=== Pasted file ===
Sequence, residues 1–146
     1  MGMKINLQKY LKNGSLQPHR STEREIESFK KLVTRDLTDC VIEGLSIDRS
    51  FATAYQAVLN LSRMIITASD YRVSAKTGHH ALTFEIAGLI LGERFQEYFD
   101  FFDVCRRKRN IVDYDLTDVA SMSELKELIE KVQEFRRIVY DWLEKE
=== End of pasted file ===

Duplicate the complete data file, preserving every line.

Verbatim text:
Sequence, residues 1–146
     1  MGMKINLQKY LKNGSLQPHR STEREIESFK KLVTRDLTDC VIEGLSIDRS
    51  FATAYQAVLN LSRMIITASD YRVSAKTGHH ALTFEIAGLI LGERFQEYFD
   101  FFDVCRRKRN IVDYDLTDVA SMSELKELIE KVQEFRRIVY DWLEKE